Moreover, Democrats have always used wedge issues just as much as Republicans. Indeed, the Obama administration is a round-the-clock wedge issue machine. Obama's whole economic agenda at this point is hinged on dividing America between the haves and the have-nots. Rhetorically, he defines the haves as "millionaires and billionaires." But his policies set the benchmark lower -- households that make $250,000 a year. He makes it sound like all that's keeping us from prosperity are tax loopholes for corporate-jet patrons. He insists that our unemployment crisis is really an inequality crisis, precisely so he can stoke the flames of populist resentment in the hope that the resulting smoke will conceal his manifest policy failures.
That's why I love the Republican effort to turn the tables on Obama. The White House claims that the Republican plan to pay for extending the payroll tax credit will gut funding for education, veterans and clean energy. This, simply put, is a lie. Even the Washington Post's fact checker, Glenn Kessler, says this spin is dishonest.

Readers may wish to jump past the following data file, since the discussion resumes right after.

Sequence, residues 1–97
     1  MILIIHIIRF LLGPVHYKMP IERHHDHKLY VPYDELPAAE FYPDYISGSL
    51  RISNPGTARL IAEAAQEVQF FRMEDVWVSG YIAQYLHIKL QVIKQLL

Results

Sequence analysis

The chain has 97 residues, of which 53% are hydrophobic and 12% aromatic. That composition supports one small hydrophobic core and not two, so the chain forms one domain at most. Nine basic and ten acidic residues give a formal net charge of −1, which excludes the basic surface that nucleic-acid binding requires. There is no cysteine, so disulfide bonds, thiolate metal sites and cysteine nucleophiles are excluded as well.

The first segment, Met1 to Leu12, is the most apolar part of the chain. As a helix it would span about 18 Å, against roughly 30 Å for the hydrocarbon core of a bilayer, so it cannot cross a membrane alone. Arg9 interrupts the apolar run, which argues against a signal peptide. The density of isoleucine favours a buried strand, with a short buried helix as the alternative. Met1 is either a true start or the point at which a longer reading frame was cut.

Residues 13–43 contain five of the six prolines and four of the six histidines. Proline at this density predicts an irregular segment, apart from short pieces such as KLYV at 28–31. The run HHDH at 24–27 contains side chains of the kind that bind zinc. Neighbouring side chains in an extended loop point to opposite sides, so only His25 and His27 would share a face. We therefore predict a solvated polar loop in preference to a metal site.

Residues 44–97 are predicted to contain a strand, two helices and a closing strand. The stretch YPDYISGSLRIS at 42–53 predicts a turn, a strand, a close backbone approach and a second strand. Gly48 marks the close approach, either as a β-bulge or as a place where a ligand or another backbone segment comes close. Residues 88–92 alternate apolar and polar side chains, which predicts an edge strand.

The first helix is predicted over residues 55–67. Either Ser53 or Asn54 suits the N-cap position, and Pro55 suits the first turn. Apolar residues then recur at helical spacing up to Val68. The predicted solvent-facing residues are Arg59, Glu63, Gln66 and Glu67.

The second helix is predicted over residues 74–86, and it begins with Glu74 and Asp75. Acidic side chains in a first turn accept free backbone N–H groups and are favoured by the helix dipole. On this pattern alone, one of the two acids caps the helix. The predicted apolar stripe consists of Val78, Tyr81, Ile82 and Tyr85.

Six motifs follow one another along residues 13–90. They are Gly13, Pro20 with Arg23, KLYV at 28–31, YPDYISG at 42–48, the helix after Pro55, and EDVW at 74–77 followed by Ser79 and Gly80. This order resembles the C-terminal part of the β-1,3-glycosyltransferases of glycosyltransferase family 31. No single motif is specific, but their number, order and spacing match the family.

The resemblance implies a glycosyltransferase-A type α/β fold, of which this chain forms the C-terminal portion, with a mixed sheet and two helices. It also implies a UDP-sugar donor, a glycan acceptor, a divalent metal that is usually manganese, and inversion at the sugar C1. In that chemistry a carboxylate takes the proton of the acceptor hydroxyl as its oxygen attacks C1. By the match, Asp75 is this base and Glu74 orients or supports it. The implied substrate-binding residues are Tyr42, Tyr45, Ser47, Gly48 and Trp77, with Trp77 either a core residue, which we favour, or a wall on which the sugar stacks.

The White House opposes the House bill -- the only legislation to extend the tax cut that actually exists -- for two reasons. First, in order to have a theme for 2012, it desperately needs to maintain the fiction that Republicans don't want to help the middle class. Second, House Republicans brilliantly included in their bill the requirement that the White House make a decision on green-lighting the Keystone oil pipeline from Canada. Labor unions support the idea because it will bring thousands of jobs to working-class Americans. Meanwhile, polls show that working-class Americans and independents are in favor of more oil development. But Obama's real base of upscale liberals and petrophobic environmentalists hates it for all the usual reasons.
Tellingly, a senior White House official told reporters on background that the president will veto any bill that forces his hand on the issue. But the White House's public statement didn't even mention the pipeline for fear of signaling to working-class voters and independents that Obama is against it.
In short, Obama hates the pipeline deal because it is both symbolically and concretely an issue that drives a wedge straight through his base and his re-election spin.
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